“Be reasonable now dear,” Wanda said. “You know it can’t work with Beau. And knew it when you started it.”
Maxi collected herself and nodded in acquiescence.
Wanda paused. Other than burying her guests in cholesterol, stultifying them with tryptophan and gluten, she’d never succeeded in comforting anyone. What came next?
“Now what can we do to make it better?” Wanda asked.
Maxi raised her eyes and asked, “You can show me your greenhouse.”
“Don’t ask me that.”
“I’d like to see it,” Maxi insisted.
Wanda let her viscera rise and, when she was assembled at her full height and trembling before Maxi, she repeated her answer. Her snarling lips opened first, then her teeth as the battering ram of her answer gnashed through them, “No.”
She didn’t see or hear Maxi’s exit. Wanda lowered her face back down to her gardening, knowing she would never speak to Maxi Chapel again.
Maxi had proved useless at getting to Chapel. The little tart’s affection had distracted Wanda’s ratio of gain— her guide to all the relationships she bothered to maintain. She worried she might never ferret out the man’s secrets. What was more, she might have furthered his establishment in the town by tutoring his progeny. But Wanda had seen Ford Chapel cut up a steak—with a systematic relish flavored with a hint of resent. And it was that potential of stored up violence that promised to be of some use.
One word to him about her daughter’s lover was all it would take for Wanda to make her only competitor disappear.
Beau spent most of their time in bed trying to determine if Maxi’s legs were real.
Maxi’s legs were of such perfection, he was sure at first they were prosthetics. But he had traced the contours of those angles, been embraced by their warm volume and followed the seamless curve of the thighs over the ripe fruit of her ass and he had determined that they were legs of the purest breed.
While he searched her legs for bolts and seams, she asked him questions. She asked him about tulip breeding, about fishing, about country life and Beau talked more than he’d ever talked. He’d jabber on ten minutes before realizing it and she stroked all that out of him by just looking at him with her pair of greedy-kid eyes. He realized she was the fruit of a hope he’d sowed in the sand long ago—to have someone to be at home with.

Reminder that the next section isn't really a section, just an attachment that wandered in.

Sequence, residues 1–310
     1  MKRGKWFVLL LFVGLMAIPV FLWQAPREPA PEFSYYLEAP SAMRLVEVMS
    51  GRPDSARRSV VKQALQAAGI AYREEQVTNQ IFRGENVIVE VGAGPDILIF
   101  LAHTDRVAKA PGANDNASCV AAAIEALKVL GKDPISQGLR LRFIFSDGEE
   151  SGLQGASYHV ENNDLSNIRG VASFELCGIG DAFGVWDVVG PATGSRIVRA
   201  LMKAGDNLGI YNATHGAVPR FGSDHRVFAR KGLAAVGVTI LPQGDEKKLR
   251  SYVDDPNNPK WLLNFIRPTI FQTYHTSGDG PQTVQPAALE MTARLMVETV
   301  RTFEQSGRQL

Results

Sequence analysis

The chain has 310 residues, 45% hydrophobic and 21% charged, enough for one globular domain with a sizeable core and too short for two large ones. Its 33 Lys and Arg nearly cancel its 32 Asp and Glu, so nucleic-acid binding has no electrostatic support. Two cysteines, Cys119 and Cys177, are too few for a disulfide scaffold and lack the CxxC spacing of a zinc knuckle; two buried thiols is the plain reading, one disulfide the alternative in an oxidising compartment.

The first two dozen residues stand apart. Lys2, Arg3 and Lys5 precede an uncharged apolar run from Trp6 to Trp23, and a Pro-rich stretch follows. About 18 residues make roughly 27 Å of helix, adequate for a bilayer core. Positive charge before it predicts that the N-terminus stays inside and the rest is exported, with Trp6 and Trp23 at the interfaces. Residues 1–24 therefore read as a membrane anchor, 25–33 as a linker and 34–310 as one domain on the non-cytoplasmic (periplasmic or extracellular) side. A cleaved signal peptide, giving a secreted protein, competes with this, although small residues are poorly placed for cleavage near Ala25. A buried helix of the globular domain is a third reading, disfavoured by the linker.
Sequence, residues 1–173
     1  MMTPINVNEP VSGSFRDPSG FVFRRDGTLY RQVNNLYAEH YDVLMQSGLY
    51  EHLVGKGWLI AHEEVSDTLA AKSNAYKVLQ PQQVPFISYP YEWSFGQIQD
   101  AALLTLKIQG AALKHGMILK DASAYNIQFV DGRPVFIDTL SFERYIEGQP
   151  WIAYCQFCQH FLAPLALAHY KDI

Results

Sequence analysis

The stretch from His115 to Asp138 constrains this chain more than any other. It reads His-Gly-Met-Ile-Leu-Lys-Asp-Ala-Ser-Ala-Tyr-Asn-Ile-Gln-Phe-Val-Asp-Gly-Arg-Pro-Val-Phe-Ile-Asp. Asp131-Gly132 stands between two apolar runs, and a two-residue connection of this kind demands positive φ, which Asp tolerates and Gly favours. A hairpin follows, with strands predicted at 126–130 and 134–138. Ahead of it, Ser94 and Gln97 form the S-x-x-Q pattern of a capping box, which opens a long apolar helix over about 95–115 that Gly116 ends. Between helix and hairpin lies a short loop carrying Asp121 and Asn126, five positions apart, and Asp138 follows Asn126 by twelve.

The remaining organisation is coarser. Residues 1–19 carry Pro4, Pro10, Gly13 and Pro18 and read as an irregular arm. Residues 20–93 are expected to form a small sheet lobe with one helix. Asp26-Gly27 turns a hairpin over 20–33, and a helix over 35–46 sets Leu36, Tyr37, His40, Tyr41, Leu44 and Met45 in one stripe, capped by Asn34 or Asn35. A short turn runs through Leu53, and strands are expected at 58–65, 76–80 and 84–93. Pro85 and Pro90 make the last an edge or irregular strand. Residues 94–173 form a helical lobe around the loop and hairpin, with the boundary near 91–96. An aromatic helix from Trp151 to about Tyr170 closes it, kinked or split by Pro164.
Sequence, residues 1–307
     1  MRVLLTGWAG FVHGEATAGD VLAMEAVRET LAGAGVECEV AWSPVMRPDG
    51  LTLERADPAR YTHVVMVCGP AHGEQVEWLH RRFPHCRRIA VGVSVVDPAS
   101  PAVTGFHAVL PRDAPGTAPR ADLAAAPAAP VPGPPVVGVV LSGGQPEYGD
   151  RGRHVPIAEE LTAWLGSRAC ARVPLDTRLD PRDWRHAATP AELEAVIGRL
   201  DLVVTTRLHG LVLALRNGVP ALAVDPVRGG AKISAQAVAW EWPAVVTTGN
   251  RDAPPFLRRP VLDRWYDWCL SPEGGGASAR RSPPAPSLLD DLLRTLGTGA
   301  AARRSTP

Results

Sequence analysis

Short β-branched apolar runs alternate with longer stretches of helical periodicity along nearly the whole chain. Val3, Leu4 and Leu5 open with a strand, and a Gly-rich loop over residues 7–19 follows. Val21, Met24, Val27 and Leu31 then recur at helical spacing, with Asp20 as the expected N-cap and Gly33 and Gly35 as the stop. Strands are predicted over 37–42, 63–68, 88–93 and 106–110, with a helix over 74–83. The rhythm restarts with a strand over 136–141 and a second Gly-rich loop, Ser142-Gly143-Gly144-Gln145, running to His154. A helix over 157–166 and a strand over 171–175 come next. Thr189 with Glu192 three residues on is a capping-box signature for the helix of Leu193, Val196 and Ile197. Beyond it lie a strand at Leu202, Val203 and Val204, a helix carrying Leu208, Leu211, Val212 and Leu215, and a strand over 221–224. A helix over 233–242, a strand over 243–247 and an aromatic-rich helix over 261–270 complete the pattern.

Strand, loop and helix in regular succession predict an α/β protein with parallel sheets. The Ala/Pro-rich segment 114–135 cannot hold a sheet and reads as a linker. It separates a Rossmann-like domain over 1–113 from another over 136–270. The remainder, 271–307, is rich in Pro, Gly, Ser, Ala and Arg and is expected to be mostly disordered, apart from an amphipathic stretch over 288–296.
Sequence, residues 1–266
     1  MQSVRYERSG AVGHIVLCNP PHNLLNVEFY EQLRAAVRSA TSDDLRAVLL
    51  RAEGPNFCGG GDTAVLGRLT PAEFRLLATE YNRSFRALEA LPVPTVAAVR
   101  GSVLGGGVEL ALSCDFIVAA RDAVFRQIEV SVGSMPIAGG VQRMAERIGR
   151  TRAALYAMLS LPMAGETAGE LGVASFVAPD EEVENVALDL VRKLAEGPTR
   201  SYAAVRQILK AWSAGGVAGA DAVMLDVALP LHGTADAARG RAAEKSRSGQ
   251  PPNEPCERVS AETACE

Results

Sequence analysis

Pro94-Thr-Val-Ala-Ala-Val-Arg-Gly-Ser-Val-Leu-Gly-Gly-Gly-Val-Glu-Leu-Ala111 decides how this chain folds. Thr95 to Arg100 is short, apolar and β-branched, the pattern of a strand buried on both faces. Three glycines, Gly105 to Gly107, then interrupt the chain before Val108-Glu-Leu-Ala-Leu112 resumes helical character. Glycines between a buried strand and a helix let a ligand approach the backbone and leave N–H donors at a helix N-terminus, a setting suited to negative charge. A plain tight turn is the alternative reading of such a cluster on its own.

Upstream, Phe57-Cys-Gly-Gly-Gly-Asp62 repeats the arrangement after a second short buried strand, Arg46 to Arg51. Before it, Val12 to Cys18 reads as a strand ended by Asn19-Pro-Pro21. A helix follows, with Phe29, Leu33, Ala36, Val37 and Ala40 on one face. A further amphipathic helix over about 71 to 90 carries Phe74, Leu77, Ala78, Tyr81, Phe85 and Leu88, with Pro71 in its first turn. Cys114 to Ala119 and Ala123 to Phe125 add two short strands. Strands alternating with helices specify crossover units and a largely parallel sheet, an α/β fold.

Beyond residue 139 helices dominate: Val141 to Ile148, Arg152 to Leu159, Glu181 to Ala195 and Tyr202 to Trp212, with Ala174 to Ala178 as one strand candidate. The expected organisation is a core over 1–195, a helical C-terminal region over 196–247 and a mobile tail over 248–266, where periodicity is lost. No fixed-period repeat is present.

It was the day before the Unveiling of the Cultivars and Maxi was over at his house to have, what Beau assumed, was a good luck fuck.
His house doubled as his greenhouse, and now, his shag pad. The one story rambler had been a regular fixer-upper when he bought it, so he decided to wreck it some more. He demolished the clapboard siding and knocked out the roof and replaced them with PMMA panels and banners of polyethylene; the next sunny day, he had himself a greenhouse in which he spent the next few years breeding a race of signature plants.
Needless to say, he showed her the tulips the second week of their coupling without really thinking about it.
All told, the last three weeks had been his most comfortable weeks spent in the town. Maybe on the planet.
The remaining beams of his house were rotting slowly. He could practically hear them decomposing at night. He didn’t like sleeping there. Didn’t like the idea of being stuck sitting square on a bare plain like that. It was maladaptive. He had a whole evolutionary history telling him to remain mobile. Things could find you. Things like fires, saber tooth tigers and bill collectors.
He’d arrived in town off the back of a supply truck he’d hitched a ride with and ever since, he’d been spending the night in the dens of unknowing hosts. He snuck in through people’s unlocked backdoors in shut-eye hours of the night, padded his way into basements, nooks or guest rooms; made himself comfortable on hammocks, love sofas, hide-a-beds, divens and pool tables. In these clandestine hideaways of unsuspecting homeowners, he’d sleep until dawn. He’d spent the night in houses ranging from log cabins to farm houses to split levels to country mansions. Country people of all kinds forgot to lock their doors or, out of some misguided honor system, made a conscious decision not to. Beau had continued doing this long after he’d purchased his house. When he heard rumors going around about him being some kind of virginity thief, he laughed the piss out of himself, considering the sweetest lay he got on most occasions was the family room futon.
But he’d gotten lucky with Maxi. Many times over. And on that night he rested in the alcove of Maxi’s neck. They were lying on the mattress in his greenhouse house. He’d just about readied himself to settle down for good in between her breasts and felt the warm plush of her body invite him to sleep.
The sound of water dripped from the tips of the leaves. Vines stretched over the exposed PVC piping. The air was heavy with the fecundity of soil.
The tendons of her neck flexed and she asked him if he loved her.
The choice picks of the Coalflower brood perched in pots on the floor behind her. They were the flowers that would put him in the books. For the first time, he wondered if it was such a good idea having her here. He’d padlocked the place when he was gone and never invited a soul inside and here she’d just slipped in.
“Do you love me?” she asked him again.
He said that he thought she was reproductively fit, which in his book was pretty much the same thing.
She asked him if he would ever leave her.
He replied that eventually we would all be left by something. For some, it would be life doing the leaving.